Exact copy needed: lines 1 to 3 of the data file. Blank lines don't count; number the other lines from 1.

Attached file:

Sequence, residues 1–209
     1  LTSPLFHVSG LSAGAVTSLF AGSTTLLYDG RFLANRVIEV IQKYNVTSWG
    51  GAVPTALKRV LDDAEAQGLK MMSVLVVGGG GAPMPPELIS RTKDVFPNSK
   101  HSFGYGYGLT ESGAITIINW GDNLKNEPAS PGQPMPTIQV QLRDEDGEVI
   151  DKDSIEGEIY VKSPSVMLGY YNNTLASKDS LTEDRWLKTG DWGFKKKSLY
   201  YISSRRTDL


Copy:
Sequence, residues 1–209
     1  LTSPLFHVSG LSAGAVTSLF AGSTTLLYDG RFLANRVIEV IQKYNVTSWG
    51  GAVPTALKRV LDDAEAQGLK MMSVLVVGGG GAPMPPELIS RTKDVFPNSK